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Bottle Blonde

June 2024
3min read


One evening in November 1950 my mother asked me to pick up a bottle of sherry on the way back from work in my hometown of Green Bay, Wisconsin. She needed the wine to pour over the several fruitcakes that she had baked for Christmas and which were now lying on a shelf in our fruit cellar awaiting that little touch of alcoholic aroma to bring their flavor to a peak. She wanted the least expensive sherry I could find.

I went into a drugstore near where I worked, picked out a bottle (I remember it cost sixty-nine cents), and brought it up front to pay. The clerk, the brother of the proprietor, knew me and also knew that I was twenty—a year below the legal age for purchasing alcohol. He refused to sell me the wine:

“But it’s only for my mother’s fruitcake,” I said.

“Can’t help it. You’re too young. The feds are in town checking up, and we could lose our license.”

I began to lose my temper. I demanded the bottle of wine, citing a long (nodding) acquaintance with the proprietor, my father’s (nonexistent) influence with the proprietor, and my mother’s fruitcake’s (dubious) utter need for that sherry.

During this heated argument neither of us noticed a small, middle-aged lady with what we then called bottle blonde hair who was picking out some small items and listening to our conversation with some amusement. She approached the checkout counter with her purchases and interrupted the yelling match.

“Look,” she said, “would it be all right if I bought the bottle of wine and gave it to this young man? I’m late, and 1 want to get out of here.”

“No way, lady,” said the clerk. “That would be contributing to the delinquency of a minor.”

The lady muttered something under her breath and then turned to me. As she did, I began to realize that I had seen her somewhere before.

“Why don’t you wait for me outside?” she said.

And so I went out and waited on the sidewalk while she paid for her purchases, including my bottle of wine. And then, as she came out the door in the gathering twilight, I suddenly knew who she was. She was Sally Rand. I had seen her photo in an ad in the local paper the previous day. She was appearing in Green Bay for a few nights. My father had commented on it. It was Sally Rand all right. It had to be. She certainly looked older than her picture, but there was no doubt in my mind. And boy, was I excited!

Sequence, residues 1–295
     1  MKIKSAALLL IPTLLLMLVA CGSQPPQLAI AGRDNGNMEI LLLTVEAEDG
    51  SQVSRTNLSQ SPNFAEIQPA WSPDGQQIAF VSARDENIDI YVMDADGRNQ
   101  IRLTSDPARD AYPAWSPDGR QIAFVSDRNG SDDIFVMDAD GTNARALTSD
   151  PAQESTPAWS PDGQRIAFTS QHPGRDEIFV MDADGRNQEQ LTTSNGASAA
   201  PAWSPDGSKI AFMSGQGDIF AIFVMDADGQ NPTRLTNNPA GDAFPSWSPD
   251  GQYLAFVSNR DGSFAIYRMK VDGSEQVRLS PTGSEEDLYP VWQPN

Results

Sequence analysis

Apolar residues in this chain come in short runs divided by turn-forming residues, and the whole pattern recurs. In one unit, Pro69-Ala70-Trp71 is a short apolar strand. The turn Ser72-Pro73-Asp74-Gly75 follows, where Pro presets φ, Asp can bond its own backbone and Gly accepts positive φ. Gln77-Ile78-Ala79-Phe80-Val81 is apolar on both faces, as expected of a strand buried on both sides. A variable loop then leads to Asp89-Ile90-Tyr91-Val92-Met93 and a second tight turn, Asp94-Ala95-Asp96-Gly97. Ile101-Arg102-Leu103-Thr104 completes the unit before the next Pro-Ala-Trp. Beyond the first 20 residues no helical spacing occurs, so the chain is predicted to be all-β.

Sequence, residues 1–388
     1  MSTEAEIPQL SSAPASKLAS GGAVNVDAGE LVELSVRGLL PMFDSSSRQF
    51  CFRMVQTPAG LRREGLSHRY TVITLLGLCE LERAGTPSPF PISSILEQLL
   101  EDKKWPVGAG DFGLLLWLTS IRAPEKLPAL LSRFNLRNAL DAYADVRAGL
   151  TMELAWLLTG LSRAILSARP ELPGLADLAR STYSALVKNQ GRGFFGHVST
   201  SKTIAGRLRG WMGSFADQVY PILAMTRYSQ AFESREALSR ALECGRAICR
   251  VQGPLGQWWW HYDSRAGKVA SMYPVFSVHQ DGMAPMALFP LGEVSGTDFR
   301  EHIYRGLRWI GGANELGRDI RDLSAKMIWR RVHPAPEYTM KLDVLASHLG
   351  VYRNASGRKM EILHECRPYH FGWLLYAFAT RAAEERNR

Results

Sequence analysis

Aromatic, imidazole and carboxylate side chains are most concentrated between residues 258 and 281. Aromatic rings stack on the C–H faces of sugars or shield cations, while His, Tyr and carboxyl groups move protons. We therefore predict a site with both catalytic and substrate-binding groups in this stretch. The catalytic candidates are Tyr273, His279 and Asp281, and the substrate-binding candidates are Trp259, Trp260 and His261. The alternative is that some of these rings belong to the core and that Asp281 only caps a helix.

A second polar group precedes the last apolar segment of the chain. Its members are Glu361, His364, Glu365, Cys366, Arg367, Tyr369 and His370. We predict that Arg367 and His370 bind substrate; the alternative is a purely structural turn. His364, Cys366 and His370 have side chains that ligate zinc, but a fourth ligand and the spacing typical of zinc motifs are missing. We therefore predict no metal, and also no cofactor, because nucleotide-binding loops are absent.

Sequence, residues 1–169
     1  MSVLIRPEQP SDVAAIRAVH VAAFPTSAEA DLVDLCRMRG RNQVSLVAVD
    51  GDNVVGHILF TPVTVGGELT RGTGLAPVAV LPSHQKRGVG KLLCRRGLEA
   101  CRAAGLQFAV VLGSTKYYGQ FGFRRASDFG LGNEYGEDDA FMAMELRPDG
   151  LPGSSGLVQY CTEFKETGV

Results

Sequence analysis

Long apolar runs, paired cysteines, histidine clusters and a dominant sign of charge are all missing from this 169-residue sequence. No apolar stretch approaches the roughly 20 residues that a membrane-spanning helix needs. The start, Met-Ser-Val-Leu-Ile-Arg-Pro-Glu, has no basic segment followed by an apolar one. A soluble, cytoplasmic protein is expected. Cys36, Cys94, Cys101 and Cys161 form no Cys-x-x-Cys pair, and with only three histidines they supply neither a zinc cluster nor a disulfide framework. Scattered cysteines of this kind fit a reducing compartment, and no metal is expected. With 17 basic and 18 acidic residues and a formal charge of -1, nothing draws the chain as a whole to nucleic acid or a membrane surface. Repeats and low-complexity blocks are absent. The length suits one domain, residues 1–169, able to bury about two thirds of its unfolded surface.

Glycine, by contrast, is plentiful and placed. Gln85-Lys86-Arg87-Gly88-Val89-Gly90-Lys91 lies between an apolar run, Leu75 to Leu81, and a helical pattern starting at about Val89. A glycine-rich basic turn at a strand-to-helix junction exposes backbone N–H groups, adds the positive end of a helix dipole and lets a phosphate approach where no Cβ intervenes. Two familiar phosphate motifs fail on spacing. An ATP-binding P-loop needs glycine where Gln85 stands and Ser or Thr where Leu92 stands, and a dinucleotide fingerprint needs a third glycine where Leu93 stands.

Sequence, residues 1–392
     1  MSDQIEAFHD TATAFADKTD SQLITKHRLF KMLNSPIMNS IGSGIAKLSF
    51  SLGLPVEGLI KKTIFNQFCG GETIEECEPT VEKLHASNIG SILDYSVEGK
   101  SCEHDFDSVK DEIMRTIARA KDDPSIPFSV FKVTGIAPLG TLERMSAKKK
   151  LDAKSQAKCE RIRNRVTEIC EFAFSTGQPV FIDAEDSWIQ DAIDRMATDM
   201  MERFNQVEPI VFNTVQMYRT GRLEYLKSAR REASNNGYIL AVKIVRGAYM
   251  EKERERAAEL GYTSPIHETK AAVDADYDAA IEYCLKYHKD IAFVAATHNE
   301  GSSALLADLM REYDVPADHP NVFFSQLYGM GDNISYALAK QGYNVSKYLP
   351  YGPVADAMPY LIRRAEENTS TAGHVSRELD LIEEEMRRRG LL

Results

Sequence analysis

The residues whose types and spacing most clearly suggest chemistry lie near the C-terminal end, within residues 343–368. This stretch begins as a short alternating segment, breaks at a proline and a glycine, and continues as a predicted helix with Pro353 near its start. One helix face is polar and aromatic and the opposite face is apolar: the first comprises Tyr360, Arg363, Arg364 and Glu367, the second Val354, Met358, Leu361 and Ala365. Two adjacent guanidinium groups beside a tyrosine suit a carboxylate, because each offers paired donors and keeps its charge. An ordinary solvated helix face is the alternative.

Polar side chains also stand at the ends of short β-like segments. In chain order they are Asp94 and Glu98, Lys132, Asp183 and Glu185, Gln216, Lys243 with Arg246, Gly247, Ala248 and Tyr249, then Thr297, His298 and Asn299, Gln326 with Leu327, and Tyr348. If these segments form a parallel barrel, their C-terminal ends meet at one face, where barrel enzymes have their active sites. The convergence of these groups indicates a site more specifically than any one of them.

For the benefit of those readers below the age of fifty or thereabouts, Sally Rand was an exotic dancer who had first achieved fame at the 1933 Chicago World’s Fair by riding a horse from the downtown Loop to the fairgrounds, dressed as Lady Godiva. She had been trained in ballet, but hard times make for hard choices, and she made her living as an exotic dancer. She appeared onstage clad in nothing but two fans of ostrich feathers, fore and aft, from behind which she would let the audience see bare portions of her anatomy—a leg here, a shoulder there, perhaps a glimpse of derrière or the shadow of a breast. No one knew if she was really naked, and her appeal lay largely in the eternal hope that by chance or design she would drop one of her fans. After the fair was over, she organized a dance troupe and toured the country. She became something of a byword for the 1930s definition of naughty and was the subject of dozens of off-color stories and snickering jokes told by ten-year-olds of all ages (sample: “Calling all cars, calling all cars, be on the lookout for Sally Rand with a hat on. That is all!”).

So when she came out of that drugstore, I was more than a little impressed. She handed me my bottle of sherry and waved away the money I offered her.

“You’re Sally Rand, the bubble dancer, aren’t you?” I blurted out.

“Fan dancer.”

“I meant to say fan dancer, but it came out wrong.” I could feel my ears getting warm.

She smiled. “That guy in there sure was a big jerk, wasn’t he?” Then: “Have you seen my show?”

I confessed that I hadn’t.

“Well, it’s a pretty good show, if I must say so myself. And you don’t have to be twenty-one to get in.”

I said I would think about it, and thanked her for buying me the wine.

“It was nothing. Like I said, that guy was a real jerk.” And then her face lost all its animation, and she looked tired and old, and I noticed that she wore heavy makeup. I thought, “Being in show business must be one hell of a way to make a living.”

“Well, so long, young fella. If you get the chance, see the show.” She turned on her heel and headed in the direction of a hotel just down the block.

I never went to see Sally Rand; I was afraid of what my parents might think. I don’t know what motivated her to come to my aid. Maybe it was boredom, or the desire to put an officious clerk in his place. All I know is that she was to me a warm and kind person. And she got me my bottle of wine.

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